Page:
Industries with high retention costs: For example, consumer electronics and machinery companies must maintain high inventory turnover rates. The reason is simple. Their industry is competitive and rapidly evolving with new technology. So, holding on to old stock could potentially cost them money, which is why they’re expected to sell off goods and restock rapidly.

High-end luxury businesses. For example, high-end fashion businesses like luxury jewelry sellers or handbag sellers might struggle with low inventory turnovers because of the kind of customers they cater to.

For this reason, they must optimize their inventory to accommodate inefficient supply chains, as well as other inefficiencies. 

An inventory turnover ratio can be extremely high or low, depending on one’s business niche. In most industries, the ideal inventory turnover ratio is between 5 and 10, which means the company sells and restocks inventory every one to two months.

Businesses that sell perishable goods will require a higher ratio to avoid inventory losses caused by spoilage.

Thus, it’s imperative to enhance turnover ratios by adjusting pricing strategy, forecasting, and automating business purchases. 

3 Ways to apply the inventory turnover ratio

As highlighted above, there are good reasons why businesses should calculate their inventory turnover ratio.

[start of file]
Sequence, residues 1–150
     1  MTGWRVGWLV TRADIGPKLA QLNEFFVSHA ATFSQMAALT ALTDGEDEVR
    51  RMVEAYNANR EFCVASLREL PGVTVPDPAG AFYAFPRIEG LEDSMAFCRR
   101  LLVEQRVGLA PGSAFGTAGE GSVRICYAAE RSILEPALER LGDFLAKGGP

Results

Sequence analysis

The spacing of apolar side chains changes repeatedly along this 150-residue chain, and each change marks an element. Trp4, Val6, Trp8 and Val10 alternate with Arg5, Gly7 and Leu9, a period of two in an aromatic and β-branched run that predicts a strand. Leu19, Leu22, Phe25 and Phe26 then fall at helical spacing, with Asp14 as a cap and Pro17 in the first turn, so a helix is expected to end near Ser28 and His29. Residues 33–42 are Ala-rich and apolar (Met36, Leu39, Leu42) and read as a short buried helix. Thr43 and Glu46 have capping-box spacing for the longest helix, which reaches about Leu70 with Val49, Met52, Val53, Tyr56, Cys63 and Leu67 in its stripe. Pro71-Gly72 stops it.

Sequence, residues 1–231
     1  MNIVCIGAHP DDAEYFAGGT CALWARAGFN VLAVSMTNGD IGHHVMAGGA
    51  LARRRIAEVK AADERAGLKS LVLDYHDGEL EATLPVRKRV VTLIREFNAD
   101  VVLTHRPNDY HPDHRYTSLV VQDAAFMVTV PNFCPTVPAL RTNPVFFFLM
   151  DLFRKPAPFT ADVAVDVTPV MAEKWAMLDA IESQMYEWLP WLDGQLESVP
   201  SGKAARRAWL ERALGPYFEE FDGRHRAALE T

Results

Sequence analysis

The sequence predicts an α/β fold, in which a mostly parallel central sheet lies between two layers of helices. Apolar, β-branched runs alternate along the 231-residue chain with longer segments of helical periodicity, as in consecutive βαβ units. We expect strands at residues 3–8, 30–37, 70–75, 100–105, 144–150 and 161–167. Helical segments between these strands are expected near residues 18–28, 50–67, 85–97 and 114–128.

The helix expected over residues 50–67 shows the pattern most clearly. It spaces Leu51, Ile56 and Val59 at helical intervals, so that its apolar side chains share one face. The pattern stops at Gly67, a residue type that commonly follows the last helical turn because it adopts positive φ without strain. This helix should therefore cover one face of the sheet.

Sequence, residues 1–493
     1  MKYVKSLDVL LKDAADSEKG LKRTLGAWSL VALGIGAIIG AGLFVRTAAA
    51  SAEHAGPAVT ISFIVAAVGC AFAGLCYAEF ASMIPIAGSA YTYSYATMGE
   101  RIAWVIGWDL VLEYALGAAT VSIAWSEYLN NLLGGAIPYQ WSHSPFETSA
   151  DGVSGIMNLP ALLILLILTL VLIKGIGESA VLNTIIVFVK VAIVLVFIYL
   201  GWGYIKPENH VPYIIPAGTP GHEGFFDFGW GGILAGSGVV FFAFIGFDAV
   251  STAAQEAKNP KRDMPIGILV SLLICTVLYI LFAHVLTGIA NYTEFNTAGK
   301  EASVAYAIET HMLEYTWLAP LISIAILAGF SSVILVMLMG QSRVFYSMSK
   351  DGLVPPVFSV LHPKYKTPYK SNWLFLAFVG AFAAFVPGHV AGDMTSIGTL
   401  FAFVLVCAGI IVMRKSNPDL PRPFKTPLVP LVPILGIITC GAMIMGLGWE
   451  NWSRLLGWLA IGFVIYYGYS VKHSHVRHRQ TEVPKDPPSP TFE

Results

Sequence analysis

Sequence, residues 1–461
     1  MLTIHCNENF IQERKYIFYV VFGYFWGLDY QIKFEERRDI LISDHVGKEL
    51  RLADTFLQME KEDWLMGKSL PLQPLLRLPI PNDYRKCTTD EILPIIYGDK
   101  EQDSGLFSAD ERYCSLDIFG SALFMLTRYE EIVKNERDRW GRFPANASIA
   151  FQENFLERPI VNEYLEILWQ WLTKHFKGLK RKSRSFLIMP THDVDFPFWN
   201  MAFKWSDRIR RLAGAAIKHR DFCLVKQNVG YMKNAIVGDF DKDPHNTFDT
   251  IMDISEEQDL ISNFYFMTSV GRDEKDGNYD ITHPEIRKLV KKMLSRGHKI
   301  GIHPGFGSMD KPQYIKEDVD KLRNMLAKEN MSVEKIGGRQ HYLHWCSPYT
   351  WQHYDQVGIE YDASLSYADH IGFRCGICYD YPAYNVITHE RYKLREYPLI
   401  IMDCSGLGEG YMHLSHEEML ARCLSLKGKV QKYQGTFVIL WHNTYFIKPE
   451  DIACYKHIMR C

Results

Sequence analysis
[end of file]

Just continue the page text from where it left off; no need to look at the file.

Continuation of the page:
But let’s take a look at three ways to apply the turnover ratio to your business for the best results:  

Inventory turnover by product or category 

Before calculating your turnover ratio, you must gather and calculate your products based on their category. It gives you an idea of whether or not to stock up on certain goods. It also determines if your inventory turnover ratio would be high or low. 

Seasonal inventory turnover

As we’ve mentioned, your inventory turnover ratio is dependent on the type of goods you sell. For example, if you sell seasonal goods like winter clothes, you should calculate your season inventory span before stocking your business. It avoids having excess products that may not be of use and gives you the exact amount of times you need to restock. 

Total inventory turnover

Calculating the total inventory turnover for your business is necessary to evaluate how many units of each item you will need to stock for certain periods.

However, to get a precise inventory turnover, you must tailor your turnover ratio and calculate it within your defined categories. This avoids inaccuracy as products have inventory turnovers depending on their niche. 

Final thoughts on inventory turnover ratio

Your business can find the perfect balance between pricing, inventory management, and making profits with ideal inventory turnovers. 

Ensure a smooth supply chain by optimizing warehouse operations to speed up the inflow and outflow of goods. This will improve delivery and inventory turns in the long haul.

Also, establish good pricing strategies to boost your inventory turnover ratio. Once you leverage that over competitors with similar pricing, it increases your goods’ demands and helps your business attain higher profit margins.

Was this article helpful?

Leave a Comment

Your email address will not be published. Required fields are marked *

Scroll to Top